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English and Mandarin collide in ‘Chinglish’

Rehearsing the Lyric Stage Company production of “Chinglish’’ are Barlow Adamson, Elizabeth Eng, Chen Tang, Tiffany Chen, and Celeste Oliva.

JONATHAN WIGGS/GLOBE STAFF

Rehearsing the Lyric Stage Company production of “Chinglish’’ are Barlow Adamson, Elizabeth Eng, Chen Tang, Tiffany Chen, and Celeste Oliva.

NEW YORK — It began, David Henry Hwang said, as a riff on “Glengarry Glen Ross,” the classic David Mamet play about real estate salesmen pitted against each other in a cutthroat competition to win a Cadillac and keep from losing both their jobs and their dignity.

Almost always, Hwang said, he uses another play as a formal model when he begins to write one of his own. For “Golden Child,” which was inspired by his grandmother’s stories of their family’s past in China, the model was Brian Friel’s Irish memory play, “Dancing at Lughnasa.” For “Chinglish,” a business-world comedy that premiered on Broadway last fall, he turned to Mamet.

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“I started out by going, you know, I kind of want to write a play like ‘Glengarry Glen Ross’ set in China,” Hwang said a few weeks ago, seated behind the desk in his office at Signature Theatre Company on West 42nd Street, where he has a coveted playwright’s residency. “But then I also decided, oh, I want it to be kind of bilingual, and then I also put a romance into it, so by the time you get to the end of it, it’s not that much like ‘Glengarry Glen Ross’ at all.”

Even a quick glance at the script of “Chinglish,” which opens Sunday at Lyric Stage Company, shows how dissimilar it became: An enormous amount of the dialogue is in Mandarin. But the deal-making, the shifting and hidden alliances, the crossing of certain boundaries in pursuit of financial gain — all of this the plays have in common. And in each of them, a once-confident character reacts with desperation to a changing system he no longer quite understands.

“I think of ‘Glengarry’ as a show about . . . doing business, but it’s also about the roles that people play and the ways in which we deceive each other doing business, and I guess that’s the main link with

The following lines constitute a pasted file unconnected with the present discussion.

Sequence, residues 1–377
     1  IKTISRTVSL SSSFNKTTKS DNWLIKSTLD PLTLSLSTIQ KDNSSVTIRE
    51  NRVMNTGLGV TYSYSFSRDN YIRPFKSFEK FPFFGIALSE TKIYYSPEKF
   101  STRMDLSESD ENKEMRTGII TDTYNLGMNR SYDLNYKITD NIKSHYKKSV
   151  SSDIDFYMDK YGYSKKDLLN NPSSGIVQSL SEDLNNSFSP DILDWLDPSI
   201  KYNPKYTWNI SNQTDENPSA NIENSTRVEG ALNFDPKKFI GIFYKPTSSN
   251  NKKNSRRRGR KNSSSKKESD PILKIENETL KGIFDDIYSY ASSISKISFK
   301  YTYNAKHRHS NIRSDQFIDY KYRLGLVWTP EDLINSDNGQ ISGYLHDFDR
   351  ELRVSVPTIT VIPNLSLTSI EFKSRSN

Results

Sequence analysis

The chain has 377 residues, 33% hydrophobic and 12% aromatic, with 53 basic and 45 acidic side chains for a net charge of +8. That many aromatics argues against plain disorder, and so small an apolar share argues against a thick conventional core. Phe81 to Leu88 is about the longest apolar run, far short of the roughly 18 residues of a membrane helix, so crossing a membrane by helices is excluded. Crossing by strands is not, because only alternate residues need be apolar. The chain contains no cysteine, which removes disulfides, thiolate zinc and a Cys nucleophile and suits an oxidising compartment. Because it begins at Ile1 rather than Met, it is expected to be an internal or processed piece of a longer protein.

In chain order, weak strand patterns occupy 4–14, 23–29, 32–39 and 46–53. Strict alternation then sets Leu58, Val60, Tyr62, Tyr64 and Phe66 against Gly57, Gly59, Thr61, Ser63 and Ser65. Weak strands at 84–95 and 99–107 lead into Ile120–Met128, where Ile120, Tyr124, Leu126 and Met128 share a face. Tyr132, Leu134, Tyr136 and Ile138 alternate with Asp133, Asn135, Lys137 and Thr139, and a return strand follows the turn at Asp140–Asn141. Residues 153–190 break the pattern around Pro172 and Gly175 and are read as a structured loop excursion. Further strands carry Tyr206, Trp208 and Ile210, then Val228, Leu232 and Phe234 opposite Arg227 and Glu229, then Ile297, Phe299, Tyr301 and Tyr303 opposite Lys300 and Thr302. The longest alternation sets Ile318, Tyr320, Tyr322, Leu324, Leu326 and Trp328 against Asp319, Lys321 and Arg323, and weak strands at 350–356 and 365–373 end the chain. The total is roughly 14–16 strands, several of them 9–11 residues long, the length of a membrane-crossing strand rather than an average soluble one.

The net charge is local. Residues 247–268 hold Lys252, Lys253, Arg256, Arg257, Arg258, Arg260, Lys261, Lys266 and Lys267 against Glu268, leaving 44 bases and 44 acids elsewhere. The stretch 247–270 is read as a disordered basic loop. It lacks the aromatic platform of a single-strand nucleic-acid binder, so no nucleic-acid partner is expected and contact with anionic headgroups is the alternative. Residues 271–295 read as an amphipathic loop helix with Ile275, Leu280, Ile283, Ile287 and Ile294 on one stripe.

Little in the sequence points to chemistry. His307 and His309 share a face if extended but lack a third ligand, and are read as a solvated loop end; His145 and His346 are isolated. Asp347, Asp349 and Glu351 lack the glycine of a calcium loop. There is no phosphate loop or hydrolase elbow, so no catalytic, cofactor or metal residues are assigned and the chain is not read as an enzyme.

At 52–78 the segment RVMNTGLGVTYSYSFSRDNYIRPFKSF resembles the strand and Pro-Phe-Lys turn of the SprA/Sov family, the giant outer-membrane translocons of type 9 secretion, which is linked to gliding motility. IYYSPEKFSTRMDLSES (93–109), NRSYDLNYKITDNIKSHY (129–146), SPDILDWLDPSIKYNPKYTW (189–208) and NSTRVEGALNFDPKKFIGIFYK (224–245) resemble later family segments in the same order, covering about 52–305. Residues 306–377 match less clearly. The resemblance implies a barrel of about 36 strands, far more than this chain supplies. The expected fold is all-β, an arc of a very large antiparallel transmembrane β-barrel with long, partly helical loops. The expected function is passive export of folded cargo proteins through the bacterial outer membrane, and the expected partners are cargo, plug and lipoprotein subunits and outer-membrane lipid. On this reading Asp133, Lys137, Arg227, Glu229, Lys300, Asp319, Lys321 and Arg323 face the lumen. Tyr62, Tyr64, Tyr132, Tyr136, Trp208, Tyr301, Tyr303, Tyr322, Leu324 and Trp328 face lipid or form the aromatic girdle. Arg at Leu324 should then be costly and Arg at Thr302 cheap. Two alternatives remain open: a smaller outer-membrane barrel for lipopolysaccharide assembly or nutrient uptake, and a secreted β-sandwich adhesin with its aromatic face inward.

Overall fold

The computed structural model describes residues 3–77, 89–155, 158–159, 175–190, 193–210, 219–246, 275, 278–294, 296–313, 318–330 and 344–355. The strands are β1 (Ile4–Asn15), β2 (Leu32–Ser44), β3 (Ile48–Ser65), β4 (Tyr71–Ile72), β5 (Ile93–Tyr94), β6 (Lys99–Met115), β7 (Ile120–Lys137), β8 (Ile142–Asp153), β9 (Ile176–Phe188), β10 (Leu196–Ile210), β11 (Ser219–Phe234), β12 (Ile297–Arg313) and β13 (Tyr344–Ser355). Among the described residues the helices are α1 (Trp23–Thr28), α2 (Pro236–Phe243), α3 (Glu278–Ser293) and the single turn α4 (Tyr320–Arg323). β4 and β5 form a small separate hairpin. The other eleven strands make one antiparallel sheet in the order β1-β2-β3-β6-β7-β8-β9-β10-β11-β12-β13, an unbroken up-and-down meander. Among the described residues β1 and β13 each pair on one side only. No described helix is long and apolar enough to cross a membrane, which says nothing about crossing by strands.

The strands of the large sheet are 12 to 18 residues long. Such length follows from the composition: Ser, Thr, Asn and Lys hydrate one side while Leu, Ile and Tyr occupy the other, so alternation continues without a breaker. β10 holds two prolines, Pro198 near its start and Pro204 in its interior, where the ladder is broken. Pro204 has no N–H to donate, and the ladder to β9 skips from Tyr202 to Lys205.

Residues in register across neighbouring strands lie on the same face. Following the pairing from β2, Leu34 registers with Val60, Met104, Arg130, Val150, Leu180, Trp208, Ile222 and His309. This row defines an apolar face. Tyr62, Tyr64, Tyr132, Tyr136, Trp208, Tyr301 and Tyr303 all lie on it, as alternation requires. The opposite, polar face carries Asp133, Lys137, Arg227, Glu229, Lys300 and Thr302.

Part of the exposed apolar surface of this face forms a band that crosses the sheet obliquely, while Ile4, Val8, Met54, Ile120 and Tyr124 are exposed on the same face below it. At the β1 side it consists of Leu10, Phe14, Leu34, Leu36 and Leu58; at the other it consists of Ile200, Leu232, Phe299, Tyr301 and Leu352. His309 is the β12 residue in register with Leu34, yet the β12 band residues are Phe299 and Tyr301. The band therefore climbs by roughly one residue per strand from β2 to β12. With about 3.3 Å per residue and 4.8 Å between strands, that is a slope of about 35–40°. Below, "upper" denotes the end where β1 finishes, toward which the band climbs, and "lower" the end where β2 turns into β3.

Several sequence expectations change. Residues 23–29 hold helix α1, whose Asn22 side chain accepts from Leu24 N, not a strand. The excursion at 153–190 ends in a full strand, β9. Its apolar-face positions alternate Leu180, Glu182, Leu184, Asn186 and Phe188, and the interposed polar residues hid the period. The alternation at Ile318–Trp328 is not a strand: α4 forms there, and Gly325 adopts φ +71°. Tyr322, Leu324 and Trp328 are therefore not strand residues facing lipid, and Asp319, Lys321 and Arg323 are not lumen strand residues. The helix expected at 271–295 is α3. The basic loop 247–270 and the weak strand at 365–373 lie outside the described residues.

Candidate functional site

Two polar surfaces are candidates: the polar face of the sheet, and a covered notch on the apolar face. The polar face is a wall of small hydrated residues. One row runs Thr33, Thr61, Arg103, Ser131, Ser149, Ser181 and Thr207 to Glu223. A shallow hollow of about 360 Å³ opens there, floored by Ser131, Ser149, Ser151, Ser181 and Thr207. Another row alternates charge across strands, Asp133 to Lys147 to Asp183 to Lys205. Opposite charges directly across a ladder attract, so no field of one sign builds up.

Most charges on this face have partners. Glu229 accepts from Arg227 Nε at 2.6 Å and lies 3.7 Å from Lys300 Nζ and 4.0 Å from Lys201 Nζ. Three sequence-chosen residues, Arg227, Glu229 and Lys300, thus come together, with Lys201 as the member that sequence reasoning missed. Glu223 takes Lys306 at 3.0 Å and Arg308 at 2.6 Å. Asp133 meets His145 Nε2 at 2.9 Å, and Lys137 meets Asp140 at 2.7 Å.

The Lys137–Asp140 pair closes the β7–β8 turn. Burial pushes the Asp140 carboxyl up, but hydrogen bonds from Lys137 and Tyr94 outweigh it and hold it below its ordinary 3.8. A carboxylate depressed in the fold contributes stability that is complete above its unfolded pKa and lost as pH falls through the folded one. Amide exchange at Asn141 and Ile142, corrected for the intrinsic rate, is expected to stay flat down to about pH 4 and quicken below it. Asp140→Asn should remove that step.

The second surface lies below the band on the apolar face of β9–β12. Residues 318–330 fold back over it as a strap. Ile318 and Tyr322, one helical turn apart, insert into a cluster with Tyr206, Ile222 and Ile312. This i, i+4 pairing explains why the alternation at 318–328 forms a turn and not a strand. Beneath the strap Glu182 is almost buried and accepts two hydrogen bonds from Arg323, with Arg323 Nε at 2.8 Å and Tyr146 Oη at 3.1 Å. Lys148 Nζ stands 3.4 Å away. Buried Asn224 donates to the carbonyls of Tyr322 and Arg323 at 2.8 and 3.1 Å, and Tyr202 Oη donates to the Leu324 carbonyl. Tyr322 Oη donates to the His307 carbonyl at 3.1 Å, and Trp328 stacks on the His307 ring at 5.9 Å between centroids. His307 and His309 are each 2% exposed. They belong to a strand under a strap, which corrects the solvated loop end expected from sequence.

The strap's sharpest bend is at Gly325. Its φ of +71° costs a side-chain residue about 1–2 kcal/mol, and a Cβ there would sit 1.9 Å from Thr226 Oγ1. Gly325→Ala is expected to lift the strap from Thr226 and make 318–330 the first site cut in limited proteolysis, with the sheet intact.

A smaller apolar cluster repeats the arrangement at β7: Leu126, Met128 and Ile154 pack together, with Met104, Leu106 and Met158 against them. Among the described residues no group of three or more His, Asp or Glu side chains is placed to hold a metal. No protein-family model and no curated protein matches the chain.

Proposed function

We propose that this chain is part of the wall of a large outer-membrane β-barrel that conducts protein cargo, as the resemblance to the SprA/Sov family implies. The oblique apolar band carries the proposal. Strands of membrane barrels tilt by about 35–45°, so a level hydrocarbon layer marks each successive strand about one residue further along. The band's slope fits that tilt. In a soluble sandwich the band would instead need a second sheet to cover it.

‘Chinglish,’ ” said Hwang, 55, who is best known for the 1988 Broadway hit “M. Butterfly.” “And the other thing that people have noticed, which I didn’t know that I was doing consciously, was just that the first scene of ‘Chinglish’ and the first scene of ‘Glengarry Glen Ross,’ they’re two-character scenes that take place in a Chinese restaurant. Of course, one of them is in China.” He laughed. “But still!”

In “Chinglish,” a former Enron employee travels to Guiyang, China, trying to win a contract to translate signage into English. But he knows neither China nor Chinese, and he requires a translator to make his case to a government minister. Miscommunication, both cultural and linguistic, abounds.

The Lyric’s staging is one of several “Chinglish” productions around the country this season, including a tour directed by Leigh Silverman, the play’s Broadway director.

CHESTER HIGGINS JR./THE NEW YORK TIMES

Playwright David Henry Hwang.

“We sort of have control over that production. The Lyric will be the first kind of indie production, if you will. I’m really curious, ’cause it’s a hard play to do,” said Hwang, who is slated to be at the Lyric Friday night for a benefit for the Asian Task Force Against Domestic Violence. “You have to find all these bilingual actors; you have to find a white guy who speaks Mandarin well enough so that everybody else in the play thinks that he’s, you know, really good at speaking Mandarin.”